PHOTO | Leah Hennel

About the Society

 

Tere! Hello!

The Alberta Estonian Heritage Society (AEHS) was established in April 2005 in order to have a single encompassing focal point for activities related to the members’ common heritage from the northern European nation of Estonia.

Like other ethnic groups who sought land in the New World, the first Estonian pioneers in Alberta created communities and organized societies in the very early 1900s to assist one another with the challenges of establishing a new life in the harsh, remote and undeveloped farmland in the Canadian Prairies. Currently up to seven generations of Albertans can look back to their Estonian pioneer roots. Some Estonians left their homeland in the middle of the 19th Century, living elsewhere until finding a place for permanent settlement in Alberta.

The European conflicts that occurred in the mid-1900s encouraged those fleeing persecution and loss of property to seek opportunities elsewhere in the world. Many Estonians came to Canada. A number of those settled in the province of Alberta.

These new immigrants found refuge in the societies and communities originated by the early pioneers and in turn, contributed to the continuation of those societies. They also created new urban based organizations. Over time, the assimilation of Estonian-born descendants into the general population diminished membership in the societies to the point that only the Edmonton organization remained in formal operation.Some others continued functioning informally as communities.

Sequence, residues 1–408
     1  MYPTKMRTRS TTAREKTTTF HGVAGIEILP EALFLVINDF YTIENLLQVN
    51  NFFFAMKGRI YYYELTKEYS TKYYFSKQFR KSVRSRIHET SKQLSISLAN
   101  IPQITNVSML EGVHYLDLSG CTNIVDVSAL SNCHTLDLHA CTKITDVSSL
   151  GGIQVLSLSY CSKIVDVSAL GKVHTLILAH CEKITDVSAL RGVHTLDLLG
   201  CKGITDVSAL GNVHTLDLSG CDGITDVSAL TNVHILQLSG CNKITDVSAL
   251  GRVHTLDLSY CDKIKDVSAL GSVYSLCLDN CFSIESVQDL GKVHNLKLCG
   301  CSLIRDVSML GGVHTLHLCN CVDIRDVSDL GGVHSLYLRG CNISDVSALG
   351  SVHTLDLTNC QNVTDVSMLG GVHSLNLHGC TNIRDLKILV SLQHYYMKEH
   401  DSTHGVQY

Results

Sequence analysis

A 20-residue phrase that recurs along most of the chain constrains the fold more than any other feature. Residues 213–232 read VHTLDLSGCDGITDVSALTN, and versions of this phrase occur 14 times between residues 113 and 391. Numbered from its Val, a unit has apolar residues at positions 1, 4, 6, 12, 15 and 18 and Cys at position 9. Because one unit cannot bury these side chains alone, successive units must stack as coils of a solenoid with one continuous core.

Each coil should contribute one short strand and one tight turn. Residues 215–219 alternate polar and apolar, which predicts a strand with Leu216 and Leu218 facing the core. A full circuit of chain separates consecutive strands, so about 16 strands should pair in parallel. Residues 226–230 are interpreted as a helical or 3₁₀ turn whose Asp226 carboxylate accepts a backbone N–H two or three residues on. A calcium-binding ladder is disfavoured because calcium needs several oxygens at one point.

It was at this stage the Edmonton Estonian Society and former members of other Alberta organizations came together to establish the Alberta Estonian Heritage Society. Motivation for this act is partly due to encouragement from Lennart Meri, former president of the Estonian Republic, during his July 2000 visit to Alberta.

A third, smaller wave of arrivals to Alberta, consists of emigrants who arrived after Estonia regained independence in 1991.

AEHS is now an organization composed of members from all three waves of immigration and their descendants. The organization has evolved to one that celebrates the rich Estonian cultural heritage. In keeping with the Estonian tradition of song, dance and festivities, this kinship provides limitless opportunities for celebration.

 

Kohtumiseni!

Recent NewsletterS

WHAT’S UP
ON FACEBOOK?

Looking forward to seeing all you Alberta Estonian or Estonian-curious BIRDS to flock together! Please register here for the supper and to help us plan… aehs-flocks-together.eventbrite.ca Food! Fun! Film! Friends! Prizes! Dancing! Stories! Games! ... See MoreSee Less
View on Facebook